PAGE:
One of my girlfriends just got a job that I pointed her to via a note I saw on Linkedin. That’s ROI.

  2. Hello,

    Peter’s comments are based on the research we conducted last month. Social media is the wave of the future, and an effective communication method, but based on all data that we see at AfterCollege and outside, social networking has not yet caught on as an effective tool for finding a job. It may work for headhunters looking for candidates, but at least from the candidates’ perspective, we’re hearing differently.



  3. Well said Michael. While still with Microsoft, I personally hired many candidates using Linkedin (which by today’s standards is not really unusual). I continue to use a variety of SNS to source such as LI, Twitter, Facebook, and even Mobile Marketing to connect with my target audience. Unfortunately, it is easy to forget the basics because we are all so dazzled by the plethora of tools on the web. We often don’t ask the right questions of why we do what we do. I would say that you quite nicely summed it up when you said…

    “The key is to understand where the talent hangs out online and then develop a strategy to engage with them on their terms.”

    I couldn’t agree more. Cheers!

  4. @Roberto Interesting results from your survey. I wonder though if you had asked employers/recruiters where they are finding candidates you would get a very different result. I would completely agree that chatting with friends on Facebook is not the best way to get a job. However social media is a fantastic resource for job seekers to research, find and engage with potential employers. Not to mention social media allows candidates to improve their digital footprints so that when employers/recruiters research them positive messages are found.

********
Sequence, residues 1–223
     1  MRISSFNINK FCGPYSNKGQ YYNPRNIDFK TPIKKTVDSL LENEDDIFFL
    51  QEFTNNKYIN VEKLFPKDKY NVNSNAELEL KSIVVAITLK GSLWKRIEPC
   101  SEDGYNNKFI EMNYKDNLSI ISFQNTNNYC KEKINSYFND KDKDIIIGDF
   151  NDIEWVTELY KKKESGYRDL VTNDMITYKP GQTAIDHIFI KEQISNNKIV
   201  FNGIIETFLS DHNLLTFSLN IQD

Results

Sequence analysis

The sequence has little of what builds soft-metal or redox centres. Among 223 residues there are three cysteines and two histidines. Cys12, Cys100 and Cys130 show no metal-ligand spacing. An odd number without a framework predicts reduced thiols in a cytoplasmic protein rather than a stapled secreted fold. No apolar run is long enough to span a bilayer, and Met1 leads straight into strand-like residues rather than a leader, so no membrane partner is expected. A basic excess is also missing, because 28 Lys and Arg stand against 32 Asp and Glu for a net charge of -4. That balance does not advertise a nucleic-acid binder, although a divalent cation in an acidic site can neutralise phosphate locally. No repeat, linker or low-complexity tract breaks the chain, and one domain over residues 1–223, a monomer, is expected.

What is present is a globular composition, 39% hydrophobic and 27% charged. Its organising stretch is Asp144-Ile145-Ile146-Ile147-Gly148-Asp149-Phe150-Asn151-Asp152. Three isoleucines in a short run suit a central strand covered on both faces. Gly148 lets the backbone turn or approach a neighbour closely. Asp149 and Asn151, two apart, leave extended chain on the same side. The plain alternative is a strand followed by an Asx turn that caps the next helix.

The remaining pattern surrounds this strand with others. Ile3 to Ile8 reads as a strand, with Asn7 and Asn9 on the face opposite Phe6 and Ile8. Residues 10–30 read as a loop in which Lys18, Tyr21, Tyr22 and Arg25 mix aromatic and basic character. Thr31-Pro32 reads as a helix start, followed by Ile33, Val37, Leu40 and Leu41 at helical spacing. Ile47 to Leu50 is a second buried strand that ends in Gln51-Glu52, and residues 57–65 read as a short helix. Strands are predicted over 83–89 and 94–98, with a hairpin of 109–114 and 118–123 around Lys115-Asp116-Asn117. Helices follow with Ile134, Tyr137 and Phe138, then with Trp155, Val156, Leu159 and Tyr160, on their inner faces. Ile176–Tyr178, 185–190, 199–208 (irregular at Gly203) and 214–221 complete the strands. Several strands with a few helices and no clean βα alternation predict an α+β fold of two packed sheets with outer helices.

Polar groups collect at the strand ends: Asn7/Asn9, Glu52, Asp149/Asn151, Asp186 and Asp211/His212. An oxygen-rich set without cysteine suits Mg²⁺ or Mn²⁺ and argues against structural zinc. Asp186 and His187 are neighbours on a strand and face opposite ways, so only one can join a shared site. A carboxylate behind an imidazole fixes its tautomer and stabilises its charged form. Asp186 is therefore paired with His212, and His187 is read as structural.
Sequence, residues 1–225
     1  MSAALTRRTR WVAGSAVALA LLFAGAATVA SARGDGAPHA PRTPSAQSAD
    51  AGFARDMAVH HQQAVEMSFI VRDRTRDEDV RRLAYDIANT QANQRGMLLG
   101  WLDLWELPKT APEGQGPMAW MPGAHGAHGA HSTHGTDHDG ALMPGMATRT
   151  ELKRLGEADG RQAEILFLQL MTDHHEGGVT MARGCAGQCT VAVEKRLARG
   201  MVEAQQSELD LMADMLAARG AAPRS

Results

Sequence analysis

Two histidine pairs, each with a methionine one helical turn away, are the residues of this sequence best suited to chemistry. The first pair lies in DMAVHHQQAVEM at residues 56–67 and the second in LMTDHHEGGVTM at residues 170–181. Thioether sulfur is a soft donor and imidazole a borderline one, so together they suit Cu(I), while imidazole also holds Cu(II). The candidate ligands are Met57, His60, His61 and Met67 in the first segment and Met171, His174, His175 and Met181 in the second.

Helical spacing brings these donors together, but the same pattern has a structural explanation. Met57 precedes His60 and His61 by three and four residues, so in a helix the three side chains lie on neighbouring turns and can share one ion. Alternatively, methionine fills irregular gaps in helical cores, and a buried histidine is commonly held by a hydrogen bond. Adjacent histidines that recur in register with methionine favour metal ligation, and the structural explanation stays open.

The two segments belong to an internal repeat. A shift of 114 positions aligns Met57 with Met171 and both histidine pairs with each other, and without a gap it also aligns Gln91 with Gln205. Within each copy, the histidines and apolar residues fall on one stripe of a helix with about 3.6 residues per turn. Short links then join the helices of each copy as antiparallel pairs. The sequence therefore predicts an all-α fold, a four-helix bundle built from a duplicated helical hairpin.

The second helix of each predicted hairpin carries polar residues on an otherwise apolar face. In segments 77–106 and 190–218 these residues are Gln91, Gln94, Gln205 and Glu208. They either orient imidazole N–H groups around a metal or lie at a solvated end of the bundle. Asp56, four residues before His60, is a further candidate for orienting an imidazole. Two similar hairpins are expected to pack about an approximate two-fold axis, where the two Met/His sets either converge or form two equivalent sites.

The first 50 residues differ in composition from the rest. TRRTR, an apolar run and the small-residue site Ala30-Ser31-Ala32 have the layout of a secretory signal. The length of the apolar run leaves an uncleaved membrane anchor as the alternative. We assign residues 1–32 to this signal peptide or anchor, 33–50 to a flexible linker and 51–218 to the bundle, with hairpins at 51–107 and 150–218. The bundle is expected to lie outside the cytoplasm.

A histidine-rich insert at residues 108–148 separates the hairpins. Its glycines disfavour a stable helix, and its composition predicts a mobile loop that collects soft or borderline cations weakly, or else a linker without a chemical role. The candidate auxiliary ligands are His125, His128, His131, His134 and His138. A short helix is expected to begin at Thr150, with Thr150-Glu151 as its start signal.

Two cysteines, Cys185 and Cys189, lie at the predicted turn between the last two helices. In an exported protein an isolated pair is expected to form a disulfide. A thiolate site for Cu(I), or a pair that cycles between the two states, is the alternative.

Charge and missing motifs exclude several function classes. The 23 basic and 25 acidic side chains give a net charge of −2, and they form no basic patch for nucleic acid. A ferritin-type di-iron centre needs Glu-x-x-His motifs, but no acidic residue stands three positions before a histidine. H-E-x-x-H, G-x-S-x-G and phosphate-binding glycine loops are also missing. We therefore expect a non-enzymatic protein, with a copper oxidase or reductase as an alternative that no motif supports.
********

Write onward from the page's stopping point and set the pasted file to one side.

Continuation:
5. Michael S, you bring up a good point. We intend to do an employer survey later this summer as well to get their thoughts. We’re always open to question ideas to include in our research.

    The point of the survey to students and alumni was to get their perspective on what works and what doesn’t so we could share it with employers. I’ve read some arguments that job seekers don’t know networking and social networking and need to be taught. That’s the main argument used. Truth is, these new grads don’t know much about how to go find a job after they graduate, period. So the idea is to take what they do as a baseline, and share with employers so they can identify the quickest path to their target audience. This works for the students and also for the employers.

    We also narrowed the responses to those who had an easy time finding a job (we assume these folks knew what they were doing). The results were very similar. Job boards got bumped down from #1 to #3. Various forms of networking came up, and social networking went down further for this audience.

    I agree, employers should put time into their social media, but based on our data, it’s even more important to work on their corporate web sites.

  6. Social media is like any internet based activity, it certainly requires some caution. But it is a wonderful tool that really uses the power of small. Building your network one at a time is making a connection with a potential employer.